FOR IMMEDIATE RELEASE: August 15, 2019
Contact: Susan Strano, Marketing Coordinator
Image: Stickle Quilt (detail)
Sampler Quilt, 1863
Jane A. Stickle (1817-1896)
Pieced cotton with linen backing
Inspiring Quilters around the World
From August 31 through October 14, the quilt that inspires quilters around the world will be on its annual display at Bennington Museum. Brought into the Museum collection 80 years ago, the 1863 Jane Stickle Quilt is only shown for a short time each year due to the fragility of the fabric. Quilters from around the country and world plan trips to the region during that time to see the remarkable quilt which is comprised of 169 five-inch blocks, each in different patterns and a unique fabric, containing a total of 5,602 pieces surrounded by a unique scalloped border.
Sampler quilts, comprised of numerous equally sized blocks each in a different pattern, were fairly common during this period. However, each block was typically pieced by a different person. While the average size of a quilt block was 8 to 12 inches square, those in the Stickle quilt measure 4 to 5 inches square. Many of the blocks are intricately pieced, with pieces ranging in size from less than a quarter of an inch to 2 inches on a side and some of the blocks having as many as thirty-five to forty pieces. The small size and sheer quantity of the uniquely patterned blocks in Stickle’s quilt is especially notable. Many block patterns are commonly seen in quilts from this era, however many more are unique, drafted by a skilled needle worker with a mastery of geometry. This advanced level of craftsmanship is found in the Stickle quilt.
Jane Stickle was born Jane Blakely on April 8, 1817 in Shaftsbury, Vermont. In 1831, at the age of 13, Jane’s father, Erastus Blakely, died leaving a quarter of his estate to his daughter, ensuring her continued education. During the 1830s, local academies taught both geometry and painting, skills Stickle had clearly mastered and made use of in the creation of her quilt. A talented artist, she was educated and had an artistic eye. She used both in effectively raising her quilt from an elaborate bedcover or feat of needleworking skills, to that of a truly remarkable work of art. “The significance of quilts, with their vibrant colors and precise geometric patterns, goes beyond the comforting, everyday use they received by their original owners. Today, within the context of museums, these early textiles can be re-envisioned as works of art on par with any abstract painting of the twentieth century. The Stickle quilt, with its dizzying array of printed cloth patterns and individual block designs, surely embodies this idea of quilt as art,” states Jamie Franklin, curator of the Bennington Museum.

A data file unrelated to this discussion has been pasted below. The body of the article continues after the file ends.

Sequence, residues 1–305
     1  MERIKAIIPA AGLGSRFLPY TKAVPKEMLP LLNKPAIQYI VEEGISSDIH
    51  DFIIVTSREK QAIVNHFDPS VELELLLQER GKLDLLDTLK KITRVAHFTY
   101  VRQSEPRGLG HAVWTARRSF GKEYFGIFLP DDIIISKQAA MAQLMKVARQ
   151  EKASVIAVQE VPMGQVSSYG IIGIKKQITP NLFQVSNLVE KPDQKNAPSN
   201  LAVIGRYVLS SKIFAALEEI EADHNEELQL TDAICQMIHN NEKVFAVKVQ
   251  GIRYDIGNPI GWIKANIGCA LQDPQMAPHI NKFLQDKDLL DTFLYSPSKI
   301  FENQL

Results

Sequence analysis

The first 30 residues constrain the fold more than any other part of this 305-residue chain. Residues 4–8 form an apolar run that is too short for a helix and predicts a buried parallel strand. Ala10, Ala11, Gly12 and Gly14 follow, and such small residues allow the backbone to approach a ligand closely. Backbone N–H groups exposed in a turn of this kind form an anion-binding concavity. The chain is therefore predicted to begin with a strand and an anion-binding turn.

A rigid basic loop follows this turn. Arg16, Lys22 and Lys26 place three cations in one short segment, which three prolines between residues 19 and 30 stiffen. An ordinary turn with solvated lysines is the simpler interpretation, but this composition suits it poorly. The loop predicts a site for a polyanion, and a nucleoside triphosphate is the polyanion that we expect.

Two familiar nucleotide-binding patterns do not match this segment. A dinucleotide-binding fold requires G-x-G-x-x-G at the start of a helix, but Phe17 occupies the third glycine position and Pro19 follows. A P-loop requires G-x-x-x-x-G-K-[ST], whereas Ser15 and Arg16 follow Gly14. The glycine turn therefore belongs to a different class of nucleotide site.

A discovery made this past decade helps explain why a middle-aged woman was able to dedicate a great deal of time to the creation of a quilt. In a report on the Bennington County Agricultural Fair dated October 1, 1863, published in the Bennington Banner, the reporter stated that “Mrs. J. B. Smith of Manchester, Mrs. Taft and Mrs. Stickles presented each a very extra bed quilt. Mrs. Stickles is an invalid lady, having been for a long time confined to her bed, but her ambition to do something to kill the time induced her to piece this quilt. It contains many thousand different pieces of cloth, no two of which are exactly alike. Upon one corner is marked in plain letters, “made in the war of 1863.” (Note: inscription here is slightly wrong as it accurately reads “In War Time 1863”) Knowing that Jane Stickle was bed ridden helps to better understand how a farm wife at the prime of her life would have had the time/inspiration to undertake such an elaborate, time-consuming project.
On October 8, of the same year, the Bennington Banner published a list of “premiums” awarded at the fair. It is noted that the “Best patched quilt” was awarded to “Mrs. W. P. Stickles” with a prize of $2, equivalent to about $40 in today’s money. Modest when compared to her remarkable accomplishment, it is nice to know that Stickle’s quilt was recognized by her contemporaries, and that it continues to inspire quilters to this day.
About the Museum
Bennington Museum is located at 75 Main Street (Route 9), Bennington, in The Shires of Vermont. The Museum is open 10 am to 5 pm daily June through October. It is wheelchair accessible. Regular admission is $10 for adults, $9 for seniors and students over 18. Admission is never charged for younger students, museum members, or to visit the museum shop. Visit the museum’s website www.benningtonmuseum.org or call 802-447-1571 for more information.